STARTING 2019 summer, the Maharashtra government will implement stringent regulation on drilling of borewells in state. The government plans to introduce real-time monitoring of any digging activity being undertaken in the state. Shekhar Gaikwad, director, Groundwater Survey and Development Agency (GSDA) — which is actively involved in formulating the laws for the regulation — confirmed the move.
Summers are the peak season for drilling borewells and several illegal companies mushroom to carry on drilling activities. It hampers the already depleting groundwater tables that get recharged once a year during the monsoons. High demand for water tankers add to the burden on existing borewells that are used for commercial purposes. Though a dedicated committee, constituted two years ago, has been working to formulate the regulation, the report is said to be in the final stages.
“Currently, there are limitations in initiating any legal action against those flouting borewell drilling norms. With this law likely to be enforced starting 2019 summers, we are hopeful of regulating this activity,” Gaikwad told The Indian Express.
At present, civic body authorities have the power to raise complaints against errant companies or persons involved in borewell drilling to the sub divisional officer (SDO). There has been a rise in such complaints. As per the new regulation, which will cover both the urban and rural areas of the state, every company involved in digging activities will have to register online.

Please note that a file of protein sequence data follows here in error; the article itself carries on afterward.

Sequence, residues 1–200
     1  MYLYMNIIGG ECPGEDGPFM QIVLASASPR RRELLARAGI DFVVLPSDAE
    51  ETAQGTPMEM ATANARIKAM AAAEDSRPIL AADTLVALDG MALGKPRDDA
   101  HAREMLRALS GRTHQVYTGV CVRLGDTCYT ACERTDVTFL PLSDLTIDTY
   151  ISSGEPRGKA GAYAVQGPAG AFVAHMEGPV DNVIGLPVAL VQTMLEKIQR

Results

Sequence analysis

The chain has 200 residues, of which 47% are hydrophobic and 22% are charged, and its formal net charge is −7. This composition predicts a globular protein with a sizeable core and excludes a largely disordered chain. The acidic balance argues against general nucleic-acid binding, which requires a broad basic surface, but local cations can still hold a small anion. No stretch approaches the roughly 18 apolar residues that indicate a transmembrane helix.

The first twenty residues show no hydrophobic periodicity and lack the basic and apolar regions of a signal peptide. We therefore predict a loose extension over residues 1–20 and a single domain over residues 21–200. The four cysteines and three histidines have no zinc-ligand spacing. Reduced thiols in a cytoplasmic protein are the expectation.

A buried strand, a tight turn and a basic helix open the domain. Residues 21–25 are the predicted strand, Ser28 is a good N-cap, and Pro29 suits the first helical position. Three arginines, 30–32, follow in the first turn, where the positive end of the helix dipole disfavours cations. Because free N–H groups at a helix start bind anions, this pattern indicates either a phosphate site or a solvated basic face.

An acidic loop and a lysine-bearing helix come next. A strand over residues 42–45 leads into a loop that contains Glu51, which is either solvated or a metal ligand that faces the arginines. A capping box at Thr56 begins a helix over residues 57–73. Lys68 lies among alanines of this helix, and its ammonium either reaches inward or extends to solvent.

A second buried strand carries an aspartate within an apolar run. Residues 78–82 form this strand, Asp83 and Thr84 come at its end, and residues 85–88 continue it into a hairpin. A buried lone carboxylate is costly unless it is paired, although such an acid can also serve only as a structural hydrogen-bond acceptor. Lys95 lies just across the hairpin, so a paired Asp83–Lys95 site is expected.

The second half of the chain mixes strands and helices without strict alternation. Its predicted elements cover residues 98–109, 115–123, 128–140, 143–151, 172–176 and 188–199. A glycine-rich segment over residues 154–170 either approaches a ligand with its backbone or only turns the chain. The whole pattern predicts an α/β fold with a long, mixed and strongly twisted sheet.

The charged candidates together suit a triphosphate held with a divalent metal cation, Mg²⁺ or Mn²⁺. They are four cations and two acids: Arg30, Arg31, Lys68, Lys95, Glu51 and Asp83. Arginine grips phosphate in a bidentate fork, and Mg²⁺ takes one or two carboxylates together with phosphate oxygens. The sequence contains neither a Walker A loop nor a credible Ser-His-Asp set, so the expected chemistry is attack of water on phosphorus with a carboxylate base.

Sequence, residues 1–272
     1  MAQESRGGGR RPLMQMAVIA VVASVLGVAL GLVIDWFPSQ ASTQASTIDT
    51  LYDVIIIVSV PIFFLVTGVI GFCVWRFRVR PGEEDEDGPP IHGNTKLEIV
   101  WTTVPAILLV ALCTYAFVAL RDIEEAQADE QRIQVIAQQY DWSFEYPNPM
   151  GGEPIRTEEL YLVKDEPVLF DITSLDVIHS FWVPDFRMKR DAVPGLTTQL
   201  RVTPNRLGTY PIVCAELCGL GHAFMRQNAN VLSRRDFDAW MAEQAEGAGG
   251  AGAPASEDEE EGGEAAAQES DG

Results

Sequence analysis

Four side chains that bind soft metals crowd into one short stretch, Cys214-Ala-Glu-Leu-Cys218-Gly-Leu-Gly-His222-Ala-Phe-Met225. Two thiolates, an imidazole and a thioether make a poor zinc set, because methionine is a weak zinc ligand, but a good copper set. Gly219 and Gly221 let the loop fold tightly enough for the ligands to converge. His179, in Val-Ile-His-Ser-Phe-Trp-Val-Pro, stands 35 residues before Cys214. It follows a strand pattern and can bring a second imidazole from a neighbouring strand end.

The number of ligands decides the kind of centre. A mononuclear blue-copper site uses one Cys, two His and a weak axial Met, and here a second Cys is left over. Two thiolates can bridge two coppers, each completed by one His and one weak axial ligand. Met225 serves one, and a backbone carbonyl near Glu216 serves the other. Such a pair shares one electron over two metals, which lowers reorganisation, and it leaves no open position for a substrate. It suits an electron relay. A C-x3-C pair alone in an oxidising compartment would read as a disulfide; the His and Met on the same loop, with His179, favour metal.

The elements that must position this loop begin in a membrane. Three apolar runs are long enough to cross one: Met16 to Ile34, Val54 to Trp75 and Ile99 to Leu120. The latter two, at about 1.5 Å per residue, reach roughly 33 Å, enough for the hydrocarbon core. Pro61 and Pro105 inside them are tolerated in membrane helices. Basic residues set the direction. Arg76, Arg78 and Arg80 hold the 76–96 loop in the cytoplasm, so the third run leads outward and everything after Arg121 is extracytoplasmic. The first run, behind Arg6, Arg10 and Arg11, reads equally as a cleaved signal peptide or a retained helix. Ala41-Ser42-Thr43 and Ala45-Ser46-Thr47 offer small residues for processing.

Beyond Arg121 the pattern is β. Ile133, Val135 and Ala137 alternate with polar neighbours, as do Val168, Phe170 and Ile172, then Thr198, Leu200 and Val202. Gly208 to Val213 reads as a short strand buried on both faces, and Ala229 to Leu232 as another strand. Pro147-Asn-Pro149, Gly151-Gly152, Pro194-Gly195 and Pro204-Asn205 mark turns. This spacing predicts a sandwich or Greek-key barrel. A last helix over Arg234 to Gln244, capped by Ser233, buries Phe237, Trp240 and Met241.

The registration will also include details of machinery, equipment and other materials possessed by the company. A move that is poised to help bring down the misuse of groundwater, particularly by active borewell digging lobbies, the regulation is expected to be tabled for final approval by September this year.
“Every time a company is booked for borewell drilling, its activities namely — prescribed depth of wells, number of pipes to be drilled, time of the day the drilling will be carried out — will be monitored in real-time, so that there is no room for any flouting of regulations,” added Gaikwad, whose team has submitted its recommendations for final consideration to the Department of Water Supply and Sanitation.
The regulation will impose stricter norms on the use of borewells for commercial use and no two wells will be permitted within a radius of 500 metres. Against the current practice of digging upto 700 metres and secretly carrying out digging during night time, the government has fixed the maximum depth at 60 metres.
“Those companies refusing to abide by the norms or continue to carry out drilling activities during wee hours, will have to face legal action, which can include permanent cancellation of licences and confiscation of equipment,” suggested another GSDA official, who is a part of the committee framing rules. SDOs will continue to remain monitoring authority at taluka-levels, except in Mumbai and Navi Mumbai.